# Thread: Derivative of matrix element

1. ## Derivative of matrix element

The derivative of a matrix element with respect to the matrix:

$\displaystyle \frac{d\ x_{ij}}{dX}$

Is there any equation or formula for it?

I could not find it on the Web. If you know any book treating it, I would appreciate the title.

Thanks!

2. Originally Posted by paolopiace
The derivative of a matrix element with respect to the matrix:

$\displaystyle \frac{d\ x_{ij}}{dX}$

Is there any equation or formula for it?

I could not find it on the Web. If you know any book treating it, I would appreciate the title.

Thanks!
Derivatives only make sense for functions so this matrix and matrix element must have one or more variables. Let's say that each element, and so the matrix, if a function of t. Then $\displaystyle \frac{dx_{ij}}{dt}$ is the derivative of the function $\displaystyle x_{ij}(t)$ and $\displaystyle \frac{dX}{dt}$ is the matrix having those derivatives as elements.

By the chain rule, $\displaystyle \frac{dx_{ij}}{dX}= \frac{dx_{ij}}{dt}\frac{dt}{dX}= \frac{dx_{ij}}{dt}\left(\frac{dX}{dt}\right)^{-1}$.

If that inverse does not exist, the derivative does not exist.

3. Originally Posted by HallsofIvy
Derivatives only make sense for functions so this matrix and matrix element must have one or more variables. Let's say that each element, and so the matrix, if a function of t. Then $\displaystyle \frac{dx_{ij}}{dt}$ is the derivative of the function $\displaystyle x_{ij}(t)$ and $\displaystyle \frac{dX}{dt}$ is the matrix having those derivatives as elements.

By the chain rule, $\displaystyle \frac{dx_{ij}}{dX}= \frac{dx_{ij}}{dt}\frac{dt}{dX}= \frac{dx_{ij}}{dt}\left(\frac{dX}{dt}\right)^{-1}$.

If that inverse does not exist, the derivative does not exist.
HallsofIvy,
There is no function. In $\displaystyle \frac{d x_{ij}}{d X}$ the matrix X is the variable in a quadratic form. To me, it seems like doing $\displaystyle \frac{d}{d x} x = 1$ in one dimension.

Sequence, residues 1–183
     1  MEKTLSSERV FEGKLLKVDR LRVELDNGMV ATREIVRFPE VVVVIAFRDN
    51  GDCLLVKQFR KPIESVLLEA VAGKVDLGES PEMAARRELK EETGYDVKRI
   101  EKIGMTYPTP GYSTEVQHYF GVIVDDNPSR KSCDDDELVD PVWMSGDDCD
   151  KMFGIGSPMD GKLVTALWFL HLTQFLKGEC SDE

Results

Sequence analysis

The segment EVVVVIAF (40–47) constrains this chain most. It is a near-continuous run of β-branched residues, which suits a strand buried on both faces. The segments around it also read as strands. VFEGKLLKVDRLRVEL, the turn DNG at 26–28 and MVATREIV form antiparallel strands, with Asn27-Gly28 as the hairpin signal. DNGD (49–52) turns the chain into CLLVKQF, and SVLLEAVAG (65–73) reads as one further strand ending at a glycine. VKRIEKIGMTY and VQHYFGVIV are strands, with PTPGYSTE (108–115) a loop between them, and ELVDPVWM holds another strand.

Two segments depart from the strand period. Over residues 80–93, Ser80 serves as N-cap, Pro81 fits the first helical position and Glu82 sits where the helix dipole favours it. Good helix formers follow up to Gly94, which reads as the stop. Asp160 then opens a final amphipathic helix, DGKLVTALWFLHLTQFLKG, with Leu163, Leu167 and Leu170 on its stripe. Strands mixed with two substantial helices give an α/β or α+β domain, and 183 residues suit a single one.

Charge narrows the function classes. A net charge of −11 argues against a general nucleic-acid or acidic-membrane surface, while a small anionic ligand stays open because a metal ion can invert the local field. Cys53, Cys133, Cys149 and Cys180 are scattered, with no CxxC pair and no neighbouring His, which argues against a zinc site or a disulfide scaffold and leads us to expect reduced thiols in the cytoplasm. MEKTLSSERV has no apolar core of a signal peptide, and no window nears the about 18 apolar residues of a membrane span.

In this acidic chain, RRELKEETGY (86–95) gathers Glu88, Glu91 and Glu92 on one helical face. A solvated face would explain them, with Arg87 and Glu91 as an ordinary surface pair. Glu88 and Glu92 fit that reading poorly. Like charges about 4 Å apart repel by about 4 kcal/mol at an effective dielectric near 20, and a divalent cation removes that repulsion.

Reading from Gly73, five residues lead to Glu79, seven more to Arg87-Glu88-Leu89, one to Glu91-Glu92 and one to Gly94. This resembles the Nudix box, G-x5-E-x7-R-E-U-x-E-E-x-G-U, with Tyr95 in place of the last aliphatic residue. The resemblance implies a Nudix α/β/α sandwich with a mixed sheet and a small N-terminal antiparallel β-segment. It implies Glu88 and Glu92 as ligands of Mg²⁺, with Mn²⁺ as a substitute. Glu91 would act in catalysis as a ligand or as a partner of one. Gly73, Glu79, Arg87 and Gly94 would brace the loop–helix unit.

Anyway, I really reach the point where I have $\displaystyle \frac{d x_{ij}}{d X}$.

Does $\displaystyle \frac{d x_{ij}}{d X}$ = 1 make sense? Should I post the whole equation?

Thanks and Regards.

4. I agree with HallsofIvy. It is not orthodox mathematics to differentiate with respect to a matrix. Nevertheless, some people have tried to formulate such a concept, and you may find this Wikipedia page informative.

According to that page, if f(X) is a scalar-valued function of an n×m matrix X then the derivative $\displaystyle \frac{df}{dX}$ is defined to be the m×n matrix whose (i,j)-element is $\displaystyle \frac{\partial f}{\partial x_{ji}}$. In particular, if $\displaystyle f(X) = x_{ij}$ then $\displaystyle \frac{dx_{ij}}{dX}$ would be a matrix with a 1 in the (j,i)-position and zeros elsewhere.

But notice that much of the material on that Wikipedia page is disputed. I have no idea how reliable or useful this whole concept is.

5. Oplag, Thanks.

I see it's better if I post a shorter version of the whole function.

I need to obtain the analytic formula of following derivative:

$\displaystyle \frac{d}{d\Sigma}\left[ b^T \Sigma^{-1} b \right]$

where the dxd matrix Sigma is positive definite and decomposed as $\displaystyle \Sigma = AA^T$

$\displaystyle b = \frac{1}{2}\Sigma_{ii}$ is the n-dimensional vector composed of the diagonal of the matrix Sigma.

Although not much relevant, $\displaystyle \Sigma_{ii}= a_i^T a_i$ where ai is the i-th row of A.

Thanks for any help.

P.S. Actually, like $\displaystyle \frac{d}{dx}x = 1$ it could be that $\displaystyle \frac{d}{dX}X = I$. Thus, $\displaystyle \frac{d}{dX}x_{ij} = 1$ when i=j. Zero when i<>j.